The Producer Price Index (PPI) Rose 0.7% in August

 
Implications:  Producer prices continued to surge in August, rising 0.7% for the month and bringing the annualized rate of change to date in 2021 to a whopping 10.7%.  While for years after the financial crisis the question from many was whether the Fed could induce even 2% inflation, the question now is whether the Fed will be able to get back down near 2% in the foreseeable future.  Producer prices are now up 8.3% year-to-year, the highest in more than a decade.  And prices are accelerating, up at an 10.4% annualized pace in the past six months.  While the Fed has continued to say higher inflation is "transitory," it's getting increasingly difficult to play down rising numbers.  Supply-chain issues continue to be a significant pressure on prices, with no end in sight.  From the shortage in semiconductors that has slowed production of everything from cars and trucks to household appliances, to difficulties finding labor to fill the record number of job openings in the US, supply simply hasn't kept up with demand.  And that demand is being supported by an M2 money supply that is 33% above pre-COVID levels, leaving both consumer and corporate pockets flush with cash.  While supply-chain issues are temporary, the huge increase in the money supply is what will drive inflation over the long term.  The Fed seems to anticipate that inflation will subside later this year and into 2022, but we think any waning in inflation later this year will be temporary, as the increase in the money supply continues to gain traction.  In terms of the details for August, prices for services led the overall index higher, rising 0.7% (while prices for goods rose by a greater percentage in August, services represent a roughly 2/3rds weighting in the index and so contributed more to the headline number).  The most notable increase came from final demand trade services, which tracks margins received by wholesalers and retailers.  While prices for producer inputs are rising, they have the pricing power to pass on those costs to consumers.  Goods prices rose 1.0% in August, led by food (+2.9%) – more specifically, meat prices which increased 8.5% on the month – which was partially offset by a decline in costs for iron and steel scrap (-3.7%).  Stripping out the typically volatile food and energy components shows "core" prices rose 0.6% in August and are up 6.7% in the past year.  In spite of inflation running well above the 2% target no matter how you cut it, we don't expect the Fed to signal any change in plans to keep short-term rates near zero for the foreseeable future.  We also don't expect the Fed to announce a tapering of quantitative easing until the fourth quarter.  The Fed wants inflation to trend above the 2% target for a prolonged period, while the labor market – the other side of the Fed's dual mandate – has to heal considerably further to get the Fed to seriously consider a move higher (for details of last week's disappointing August jobs report, click here).  In recent news on employment front, initial jobless claims fell 35,000 last week to 310,000.  Meanwhile continuing claims declined 22,000 to a new recovery low of 2.783 million.  With the ending of additional unemployment benefits nationally this past Monday, all eyes will be on the jobs recovery as we move into the final quarter of 2021.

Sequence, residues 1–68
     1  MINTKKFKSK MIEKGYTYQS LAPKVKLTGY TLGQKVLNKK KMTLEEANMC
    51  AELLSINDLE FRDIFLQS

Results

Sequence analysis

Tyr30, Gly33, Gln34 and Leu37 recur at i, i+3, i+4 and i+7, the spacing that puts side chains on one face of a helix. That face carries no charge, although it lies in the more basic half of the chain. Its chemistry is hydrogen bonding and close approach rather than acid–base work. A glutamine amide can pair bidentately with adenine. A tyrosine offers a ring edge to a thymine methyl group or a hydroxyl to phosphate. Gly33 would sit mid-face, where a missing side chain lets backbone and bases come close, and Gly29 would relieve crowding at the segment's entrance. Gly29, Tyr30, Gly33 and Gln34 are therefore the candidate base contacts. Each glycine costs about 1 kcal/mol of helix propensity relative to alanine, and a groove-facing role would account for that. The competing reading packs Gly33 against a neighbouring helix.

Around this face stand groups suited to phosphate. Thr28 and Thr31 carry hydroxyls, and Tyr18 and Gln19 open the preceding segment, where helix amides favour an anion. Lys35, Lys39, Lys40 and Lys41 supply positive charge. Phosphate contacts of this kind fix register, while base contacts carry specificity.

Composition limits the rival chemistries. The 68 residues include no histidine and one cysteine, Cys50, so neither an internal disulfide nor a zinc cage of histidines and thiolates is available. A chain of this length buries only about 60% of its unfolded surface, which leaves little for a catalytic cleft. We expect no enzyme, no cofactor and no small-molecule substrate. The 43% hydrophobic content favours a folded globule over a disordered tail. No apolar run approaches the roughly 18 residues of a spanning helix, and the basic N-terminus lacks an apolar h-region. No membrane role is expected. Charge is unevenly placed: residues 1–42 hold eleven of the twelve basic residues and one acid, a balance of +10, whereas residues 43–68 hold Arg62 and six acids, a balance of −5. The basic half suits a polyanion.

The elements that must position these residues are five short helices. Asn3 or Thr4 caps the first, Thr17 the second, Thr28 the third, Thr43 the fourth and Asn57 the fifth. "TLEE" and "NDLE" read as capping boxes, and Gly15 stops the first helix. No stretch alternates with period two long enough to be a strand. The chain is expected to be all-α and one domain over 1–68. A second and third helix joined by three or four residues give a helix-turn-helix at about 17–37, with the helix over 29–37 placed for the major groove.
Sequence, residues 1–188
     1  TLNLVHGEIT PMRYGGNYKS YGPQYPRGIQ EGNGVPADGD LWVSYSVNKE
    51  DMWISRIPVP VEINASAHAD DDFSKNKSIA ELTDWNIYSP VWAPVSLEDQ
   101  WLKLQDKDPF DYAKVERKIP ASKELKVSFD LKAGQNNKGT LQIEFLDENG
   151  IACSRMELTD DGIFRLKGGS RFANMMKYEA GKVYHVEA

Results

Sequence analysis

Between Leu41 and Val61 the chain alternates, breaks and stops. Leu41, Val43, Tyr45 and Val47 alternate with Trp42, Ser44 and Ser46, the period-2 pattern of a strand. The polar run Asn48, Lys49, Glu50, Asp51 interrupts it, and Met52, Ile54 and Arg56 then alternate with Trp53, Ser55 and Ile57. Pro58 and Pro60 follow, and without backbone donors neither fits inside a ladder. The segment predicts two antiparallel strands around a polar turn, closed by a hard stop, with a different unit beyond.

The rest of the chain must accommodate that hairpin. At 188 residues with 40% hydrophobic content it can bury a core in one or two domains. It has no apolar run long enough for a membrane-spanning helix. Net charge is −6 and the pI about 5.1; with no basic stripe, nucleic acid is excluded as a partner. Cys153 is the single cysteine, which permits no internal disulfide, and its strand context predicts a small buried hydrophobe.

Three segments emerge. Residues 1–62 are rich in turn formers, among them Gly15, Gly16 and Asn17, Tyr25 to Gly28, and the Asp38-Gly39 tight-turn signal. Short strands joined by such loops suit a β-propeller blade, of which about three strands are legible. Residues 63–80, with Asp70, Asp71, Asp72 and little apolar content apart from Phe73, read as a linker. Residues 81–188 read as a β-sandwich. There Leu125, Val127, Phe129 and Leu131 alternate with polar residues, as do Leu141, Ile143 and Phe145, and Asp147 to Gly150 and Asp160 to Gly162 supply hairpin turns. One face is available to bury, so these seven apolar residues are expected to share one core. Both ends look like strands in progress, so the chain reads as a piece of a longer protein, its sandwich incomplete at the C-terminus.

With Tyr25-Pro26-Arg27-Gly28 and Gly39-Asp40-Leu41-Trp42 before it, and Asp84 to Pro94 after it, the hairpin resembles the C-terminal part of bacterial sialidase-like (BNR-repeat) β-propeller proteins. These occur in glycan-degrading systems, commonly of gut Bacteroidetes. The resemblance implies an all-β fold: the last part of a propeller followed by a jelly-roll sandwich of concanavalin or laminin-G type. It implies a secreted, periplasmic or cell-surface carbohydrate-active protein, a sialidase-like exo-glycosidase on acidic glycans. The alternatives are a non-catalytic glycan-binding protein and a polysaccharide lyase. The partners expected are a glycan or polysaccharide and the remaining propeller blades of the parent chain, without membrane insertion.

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Posted on Friday, September 10, 2021 @ 11:53 AM

These posts were prepared by First Trust Advisors L.P., and reflect the current opinion of the authors. They are based upon sources and data believed to be accurate and reliable. Opinions and forward looking statements expressed are subject to change without notice. This information does not constitute a solicitation or an offer to buy or sell any security.